NATO Secretary General Jens Stoltenberg hailed the Western alliance’s increased cooperation with Armenia after discussing with President Serzh Sarkisian ways of further intensifying it in Brussels on Monday.
Stoltenberg also voiced concern at a weekend upsurge in fighting near Nagorno-Karabakh and urged Armenia and Azerbaijan to “return to the negotiating table.”
“It is important to avoid escalation,” he told reporters after talks with Sarkisian held at the NATO headquarters. “Because there is no military solution to this conflict. And its persistence is holding back the region.”
The two men said the unresolved Karabakh conflict was on the agenda of their meeting which came two days after at least five Azerbaijani soldiers were killed in the no-man’s land just east of Karabakh. It was the most serious ceasefire violation in the conflict zone since the April 2016 hostilities in Karabakh that nearly degenerated into an all-out Armenian-Azerbaijani war.
Stoltenberg was careful not to blame either warring side for the fighting. By contrast, the foreign ministry of Turkey, a key NATO member state, issued a statement on Sunday that accused the Armenian side of provoking it with “heavy fire launched against Azerbaijan.”
Armenian officials say the very fact that the Azerbaijani army suffered casualties in the no-man’s land proves that it attacked Karabakh Armenian positions on “the line of contact” around the disputed territory.
Iran, another regional power, also avoided taking sides in its official reaction to the escalation. An Iranian Foreign Ministry spokesman said on Monday both conflicting parties should “exercise restraint” and “do their best to stabilize the situation on the ground through dialogue and negotiations.”
Armenia - Soldiers of the Armenian Peacekeeping Brigade lined up for an exercise monitored by NATO, September 2015. (Photo courtesy of the U.S. Embassy in Armenia.)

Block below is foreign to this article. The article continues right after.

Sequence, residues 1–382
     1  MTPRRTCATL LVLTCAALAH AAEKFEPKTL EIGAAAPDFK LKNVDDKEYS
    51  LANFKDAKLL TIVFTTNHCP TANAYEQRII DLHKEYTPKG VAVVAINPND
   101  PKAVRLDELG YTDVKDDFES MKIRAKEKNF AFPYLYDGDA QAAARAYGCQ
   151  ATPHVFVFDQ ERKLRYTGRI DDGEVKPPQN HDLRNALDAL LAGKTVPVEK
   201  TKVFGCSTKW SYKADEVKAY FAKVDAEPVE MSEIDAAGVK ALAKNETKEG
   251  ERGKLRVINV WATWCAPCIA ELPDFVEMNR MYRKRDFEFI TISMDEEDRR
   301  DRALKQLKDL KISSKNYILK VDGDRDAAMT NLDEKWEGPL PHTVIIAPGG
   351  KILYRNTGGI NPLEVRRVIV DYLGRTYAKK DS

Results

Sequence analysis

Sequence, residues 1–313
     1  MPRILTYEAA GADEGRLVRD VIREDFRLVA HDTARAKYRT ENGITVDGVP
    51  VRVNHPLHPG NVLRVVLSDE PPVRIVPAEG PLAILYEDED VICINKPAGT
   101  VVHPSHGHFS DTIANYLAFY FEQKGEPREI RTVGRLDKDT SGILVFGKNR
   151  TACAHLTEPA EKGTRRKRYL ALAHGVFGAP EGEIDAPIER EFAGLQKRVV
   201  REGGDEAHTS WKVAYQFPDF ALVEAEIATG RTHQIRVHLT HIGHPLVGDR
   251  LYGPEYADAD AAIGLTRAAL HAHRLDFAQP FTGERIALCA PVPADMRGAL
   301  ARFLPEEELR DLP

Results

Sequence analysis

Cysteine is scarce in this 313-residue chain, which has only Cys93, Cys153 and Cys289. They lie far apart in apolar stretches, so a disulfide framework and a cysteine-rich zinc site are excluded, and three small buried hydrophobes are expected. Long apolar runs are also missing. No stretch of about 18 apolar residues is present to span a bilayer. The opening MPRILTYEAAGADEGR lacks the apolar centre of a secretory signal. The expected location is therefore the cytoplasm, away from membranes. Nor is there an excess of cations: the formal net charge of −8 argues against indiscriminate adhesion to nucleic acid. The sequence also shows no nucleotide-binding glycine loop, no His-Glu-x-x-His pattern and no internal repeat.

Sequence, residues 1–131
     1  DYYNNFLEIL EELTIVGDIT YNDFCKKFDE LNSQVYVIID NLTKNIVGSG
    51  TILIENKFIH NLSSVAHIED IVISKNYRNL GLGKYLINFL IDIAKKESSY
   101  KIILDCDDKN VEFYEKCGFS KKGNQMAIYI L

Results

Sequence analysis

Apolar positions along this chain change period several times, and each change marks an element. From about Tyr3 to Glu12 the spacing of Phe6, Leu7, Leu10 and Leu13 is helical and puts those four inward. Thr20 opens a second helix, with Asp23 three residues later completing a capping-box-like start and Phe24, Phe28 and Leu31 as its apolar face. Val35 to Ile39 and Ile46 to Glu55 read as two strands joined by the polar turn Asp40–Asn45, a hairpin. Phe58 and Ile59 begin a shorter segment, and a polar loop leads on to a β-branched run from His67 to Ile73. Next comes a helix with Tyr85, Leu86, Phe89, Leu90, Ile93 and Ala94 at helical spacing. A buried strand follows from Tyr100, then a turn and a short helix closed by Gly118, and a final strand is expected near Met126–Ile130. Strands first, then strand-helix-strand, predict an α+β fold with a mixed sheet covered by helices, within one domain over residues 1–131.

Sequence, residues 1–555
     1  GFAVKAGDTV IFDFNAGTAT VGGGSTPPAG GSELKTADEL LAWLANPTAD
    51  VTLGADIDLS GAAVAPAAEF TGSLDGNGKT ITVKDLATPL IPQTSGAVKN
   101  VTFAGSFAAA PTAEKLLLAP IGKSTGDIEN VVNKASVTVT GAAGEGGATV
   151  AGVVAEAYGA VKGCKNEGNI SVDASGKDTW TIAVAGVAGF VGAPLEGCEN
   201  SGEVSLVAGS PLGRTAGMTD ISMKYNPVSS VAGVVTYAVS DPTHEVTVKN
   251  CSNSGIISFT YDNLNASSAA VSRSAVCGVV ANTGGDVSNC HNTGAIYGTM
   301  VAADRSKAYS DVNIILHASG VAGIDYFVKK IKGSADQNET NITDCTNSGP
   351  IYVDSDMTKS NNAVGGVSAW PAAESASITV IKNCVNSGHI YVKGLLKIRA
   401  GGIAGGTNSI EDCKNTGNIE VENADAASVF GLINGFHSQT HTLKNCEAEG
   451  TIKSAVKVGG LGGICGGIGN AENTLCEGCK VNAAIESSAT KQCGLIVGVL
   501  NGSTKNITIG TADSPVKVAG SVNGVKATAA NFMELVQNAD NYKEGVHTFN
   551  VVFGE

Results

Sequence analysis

“I also welcome our partnership that we have developed, between NATO and Armenia, over many years,” Stoltenberg said at the joint news briefing with Sarkisian. “That is good for Armenia and it’s good for NATO.”
The NATO chief said they spoke about “how we can take that partnership further.” “I see opportunities for us to cooperate more closely on interoperability, defense reform and defense education,” he added.
Despite its close military alliance with Russia, Armenia has stepped up defense cooperation with NATO -- and the United States in particular -- since the early 2000s. It currently contributes around 130 troops to NATO-led missions in Kosovo and Afghanistan and regularly participates in multinational exercises organized by U.S. forces in Europe.
“Armenian troops are helping to bring stability to those countries and we are very grateful for your contributions,” said Stoltenberg.
In 2015, Yerevan expressed readiness to participate in more such missions abroad with specialized medical and demining units. U.S. military instructors began training Armenian military personnel for that purpose last year. As part of that effort, a U.S.-sponsored paramedic school of the Armenian army was inaugurated in October.
Both Stoltenberg and Sarkisian announced that NATO and Armenia are now working on a fresh “individual partnership action plan,” or IPAP. Sarkisian said the three-year plan will be adopted soon.
“I want to reaffirm Armenia’s commitment to continue formulating a lively and positive agenda with NATO and its member states for the purpose of bolstering international peace and security,” declared the president.